When we discuss cloud security with prospects and customers, complexity will inevitably come up as a challenge. Many web application attacks have been successful because they targeted improperly configured web application firewalls (WAFs). One of the most popular attacks — SQL Injection (SQLi) — isn’t new, yet many organizations don’t seem to have learned anything since Heartland Payment Systems was successfully hacked in 2008 using SQL injection. Heartland was the sixth-largest payments processor in the U.S. at the time, and the breach compromised millions of business and personal credit/debit accounts.
Heartland did have a web application firewall in place, but the company’s security configuration did not defend against the SQLi attack. The company paid $145 million in compensation, temporarily lost its PCI DSS compliance, and its stock price dropped by nearly 80% over the next three months. Despite the massive cost and negative publicity around this attack, SQLi still accounted for more than 68% of all web application attacks in 2020. That’s up from 44% in 2017.
With SQL injection considered “low-hanging fruit” on the scale of potential web attacks, it quickly becomes clear that there are numerous ways web-facing sites can be attacked and an equally impressive array of solutions to prevent them. Each attack can be a little different and target a single weak point. Therein lies the complexity.
SQL injection is the easy example: “Trust no one” and “Don’t use Dynamic SQL.” That’s easier said than done, especially in a remote world. A web application firewall has specific capabilities to identify suspicious code and injection attempts, but they need to be applied properly.
SQLi is not the only type of successful web application attack. The second most popular is a distributed denial of service or DDoS attack, where a website is essentially swamped with spurious, automated requests causing it to crash. The security and configuration that you need to have in place to prevent DDoS are very different than what you need to defend against SQLi, cross-site scripting, and other attacks.
Reasons so many attacks are successful
Web application firewalls are designed to prevent all of these web-facing attacks, so why are there still so many successful attacks? It turns out that organizations’ web properties and customers together are more unique than they are similar. A WAF needs to be configured to each organization and each set of users. Going back to our SQLi example, if an organization is working with user-provided code, it would be tempted to simply turn off the SQL inspection portion of a WAF. This is the mistake that Heartland made.
Another popular feature is geo-blocking, which blocks all the IP addresses that come from a known hacker hotspot or location. This may be a great idea for companies that do not do business internationally. However, many companies operate on an international basis, either by selling to foreign countries or receiving inventory from abroad. Blocking an entire region may not be an option for these companies.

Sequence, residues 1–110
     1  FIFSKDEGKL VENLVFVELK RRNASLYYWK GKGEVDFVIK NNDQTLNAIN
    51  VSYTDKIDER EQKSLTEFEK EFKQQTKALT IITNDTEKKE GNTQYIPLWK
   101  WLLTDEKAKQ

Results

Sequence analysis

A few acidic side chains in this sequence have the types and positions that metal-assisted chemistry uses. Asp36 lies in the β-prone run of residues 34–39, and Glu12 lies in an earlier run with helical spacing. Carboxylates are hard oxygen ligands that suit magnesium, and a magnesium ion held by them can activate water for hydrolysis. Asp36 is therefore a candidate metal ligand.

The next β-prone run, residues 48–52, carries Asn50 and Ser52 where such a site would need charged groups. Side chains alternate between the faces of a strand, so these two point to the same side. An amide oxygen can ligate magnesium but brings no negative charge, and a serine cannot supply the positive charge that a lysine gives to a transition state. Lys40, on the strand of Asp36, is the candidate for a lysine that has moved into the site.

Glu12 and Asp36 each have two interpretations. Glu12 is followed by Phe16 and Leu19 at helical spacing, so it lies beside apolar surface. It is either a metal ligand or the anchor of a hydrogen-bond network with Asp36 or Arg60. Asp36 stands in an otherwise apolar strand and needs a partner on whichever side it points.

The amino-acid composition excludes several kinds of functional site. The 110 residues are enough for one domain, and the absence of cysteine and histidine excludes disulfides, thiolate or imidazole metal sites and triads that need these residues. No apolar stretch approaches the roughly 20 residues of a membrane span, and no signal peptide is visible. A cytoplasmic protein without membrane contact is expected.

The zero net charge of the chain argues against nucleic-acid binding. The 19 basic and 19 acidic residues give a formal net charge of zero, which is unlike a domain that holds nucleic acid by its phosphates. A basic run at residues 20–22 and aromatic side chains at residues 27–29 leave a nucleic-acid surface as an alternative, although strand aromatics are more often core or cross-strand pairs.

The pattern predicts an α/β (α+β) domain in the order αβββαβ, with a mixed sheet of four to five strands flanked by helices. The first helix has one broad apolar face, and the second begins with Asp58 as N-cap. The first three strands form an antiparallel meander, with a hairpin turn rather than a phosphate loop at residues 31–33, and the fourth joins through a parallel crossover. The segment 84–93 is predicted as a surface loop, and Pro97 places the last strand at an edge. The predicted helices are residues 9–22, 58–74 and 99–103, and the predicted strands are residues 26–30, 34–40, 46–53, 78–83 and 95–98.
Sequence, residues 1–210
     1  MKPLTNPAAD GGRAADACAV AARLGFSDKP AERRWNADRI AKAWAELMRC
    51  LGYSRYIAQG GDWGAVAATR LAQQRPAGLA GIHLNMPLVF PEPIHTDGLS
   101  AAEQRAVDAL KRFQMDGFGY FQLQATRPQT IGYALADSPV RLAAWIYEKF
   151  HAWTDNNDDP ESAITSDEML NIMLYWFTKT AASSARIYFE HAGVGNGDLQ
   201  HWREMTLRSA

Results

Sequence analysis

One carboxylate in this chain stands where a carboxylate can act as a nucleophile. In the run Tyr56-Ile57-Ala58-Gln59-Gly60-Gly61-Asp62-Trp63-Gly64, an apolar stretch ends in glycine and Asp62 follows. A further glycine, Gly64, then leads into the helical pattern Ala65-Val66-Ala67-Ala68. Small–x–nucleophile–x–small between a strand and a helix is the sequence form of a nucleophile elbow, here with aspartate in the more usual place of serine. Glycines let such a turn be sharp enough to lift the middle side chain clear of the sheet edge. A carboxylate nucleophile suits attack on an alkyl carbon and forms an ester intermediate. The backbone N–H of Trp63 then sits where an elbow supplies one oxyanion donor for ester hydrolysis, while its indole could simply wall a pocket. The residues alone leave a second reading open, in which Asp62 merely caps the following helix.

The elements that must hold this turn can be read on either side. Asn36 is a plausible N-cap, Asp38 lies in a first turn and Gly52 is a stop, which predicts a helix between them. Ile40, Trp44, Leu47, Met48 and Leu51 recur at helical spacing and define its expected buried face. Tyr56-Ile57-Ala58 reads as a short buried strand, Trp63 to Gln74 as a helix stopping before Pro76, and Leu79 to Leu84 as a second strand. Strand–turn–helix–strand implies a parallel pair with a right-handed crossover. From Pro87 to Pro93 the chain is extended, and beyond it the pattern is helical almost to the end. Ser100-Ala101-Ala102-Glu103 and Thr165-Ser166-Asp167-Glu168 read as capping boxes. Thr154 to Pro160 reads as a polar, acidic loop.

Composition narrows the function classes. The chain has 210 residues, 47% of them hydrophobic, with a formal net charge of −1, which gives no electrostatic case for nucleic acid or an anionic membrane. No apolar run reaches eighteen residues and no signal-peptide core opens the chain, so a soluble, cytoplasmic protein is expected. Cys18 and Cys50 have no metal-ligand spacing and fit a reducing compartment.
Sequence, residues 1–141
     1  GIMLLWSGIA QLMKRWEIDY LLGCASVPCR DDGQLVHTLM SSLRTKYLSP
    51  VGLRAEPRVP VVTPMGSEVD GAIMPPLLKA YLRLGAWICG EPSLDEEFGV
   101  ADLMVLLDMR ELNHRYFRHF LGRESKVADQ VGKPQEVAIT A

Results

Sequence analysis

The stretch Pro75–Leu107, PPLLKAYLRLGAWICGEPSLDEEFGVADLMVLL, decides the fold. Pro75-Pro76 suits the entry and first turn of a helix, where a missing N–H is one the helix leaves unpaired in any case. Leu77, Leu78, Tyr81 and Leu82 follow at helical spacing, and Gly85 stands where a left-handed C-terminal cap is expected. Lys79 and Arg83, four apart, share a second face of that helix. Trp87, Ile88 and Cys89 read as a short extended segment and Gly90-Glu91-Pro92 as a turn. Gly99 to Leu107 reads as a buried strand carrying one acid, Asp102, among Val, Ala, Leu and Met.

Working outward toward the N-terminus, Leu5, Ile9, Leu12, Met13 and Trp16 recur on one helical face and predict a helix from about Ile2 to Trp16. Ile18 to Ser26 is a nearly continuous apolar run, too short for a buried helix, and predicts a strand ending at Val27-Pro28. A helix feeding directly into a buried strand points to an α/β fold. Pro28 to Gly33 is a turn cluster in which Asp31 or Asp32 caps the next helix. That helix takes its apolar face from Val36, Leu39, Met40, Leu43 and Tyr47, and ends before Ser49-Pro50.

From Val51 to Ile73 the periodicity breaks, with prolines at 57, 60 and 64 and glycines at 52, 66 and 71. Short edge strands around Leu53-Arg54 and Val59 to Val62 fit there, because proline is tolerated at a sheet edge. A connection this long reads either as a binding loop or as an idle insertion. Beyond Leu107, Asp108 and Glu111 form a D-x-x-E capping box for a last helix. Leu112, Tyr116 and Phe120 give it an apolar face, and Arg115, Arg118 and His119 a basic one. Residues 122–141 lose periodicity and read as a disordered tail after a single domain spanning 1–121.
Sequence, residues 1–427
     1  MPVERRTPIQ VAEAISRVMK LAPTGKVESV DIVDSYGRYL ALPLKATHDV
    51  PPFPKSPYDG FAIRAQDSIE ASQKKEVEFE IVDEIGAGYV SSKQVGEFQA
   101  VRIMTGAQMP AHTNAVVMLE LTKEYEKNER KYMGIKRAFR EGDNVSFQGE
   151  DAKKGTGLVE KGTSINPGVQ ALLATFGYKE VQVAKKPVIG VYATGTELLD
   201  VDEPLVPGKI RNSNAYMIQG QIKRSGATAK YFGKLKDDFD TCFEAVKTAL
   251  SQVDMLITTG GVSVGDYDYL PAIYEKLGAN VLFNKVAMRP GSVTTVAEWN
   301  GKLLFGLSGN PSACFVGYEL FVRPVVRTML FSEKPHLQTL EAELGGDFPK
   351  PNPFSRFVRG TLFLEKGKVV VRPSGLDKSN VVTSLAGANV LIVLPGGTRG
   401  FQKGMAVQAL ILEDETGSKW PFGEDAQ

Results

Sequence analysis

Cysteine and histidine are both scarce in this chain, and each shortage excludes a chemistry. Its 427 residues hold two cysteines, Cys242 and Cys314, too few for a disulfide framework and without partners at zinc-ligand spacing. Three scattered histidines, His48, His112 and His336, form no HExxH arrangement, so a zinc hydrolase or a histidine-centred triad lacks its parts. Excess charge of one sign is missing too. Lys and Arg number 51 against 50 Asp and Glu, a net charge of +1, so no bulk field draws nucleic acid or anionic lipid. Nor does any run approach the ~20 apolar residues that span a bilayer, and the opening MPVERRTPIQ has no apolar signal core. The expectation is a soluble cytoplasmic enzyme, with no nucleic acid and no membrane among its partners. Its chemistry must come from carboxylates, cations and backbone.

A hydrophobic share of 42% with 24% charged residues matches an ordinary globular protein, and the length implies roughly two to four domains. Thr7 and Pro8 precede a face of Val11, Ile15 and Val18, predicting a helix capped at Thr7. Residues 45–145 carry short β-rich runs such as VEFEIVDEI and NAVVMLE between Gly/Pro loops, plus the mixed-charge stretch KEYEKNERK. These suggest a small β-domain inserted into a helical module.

Configuring a WAF is a balancing act. If you turn on all protections and block all traffic, then you’ll end up getting no traffic to your application. Your online business will not be in business. Many companies will set up their web application firewalls in monitor mode. Certain protections are deployed, but the WAF is also monitoring for specific attacks so that the IT team can harden the security as the need arises. The other end of the spectrum is to provide some simple “one-size-fits-most” security in a service-delivered WAF. These work to a point but fail when the organization encounters an app or a user that doesn’t fit the “one-size” parameter of these devices and the companies just turn that protection off for everyone. This is an architectural problem; these simple WAFs employ a central rule set (CRS) that governs whether or not data passes through the WAF. A reverse proxy WAF, on the other hand, will intercept the data and inspect each packet in both directions. The WAF then applies customized rules depending on what it finds in the packet.
How Barracuda can help
We realized at Barracuda we could build a web application firewall that offers the best features and benefits of each solutions. We could stand up our WAF in a cloud data center, create a “standard” rule set based on what we’ve seen over the past 10-plus years we’ve been building WAFs, and roll this out as a SaaS solution that has all of the “knobs and dials” of the full-featured WAF. Basic protections that fit most use cases are already enabled, but organizations can make adjustments as they encounter apps and users that the standard protections do not properly protect.
In short, we provide all the power of a traditional web application firewall with the simplicity and ease of a service-delivered WAF.
Barracuda WAF-as-a-Service is a full-featured application security service that can start protecting all your apps in just a few minutes.
Rich is the Director of Public Cloud Product Marketing at Barracuda. He joined the team as part of the acquisition of C2C Systems in 2014. Rich is one of Barracuda’s public cloud experts – he works directly with the cloud ecosystems and has been quoted in eBooks from Microsoft on public cloud security. He is also a frequent contributor to Barracuda’s own cloud blogs. For our cloud motions, he helps develop strategies and execution with our partners and sales teams.
You can email Rich at firstname.lastname@example.org.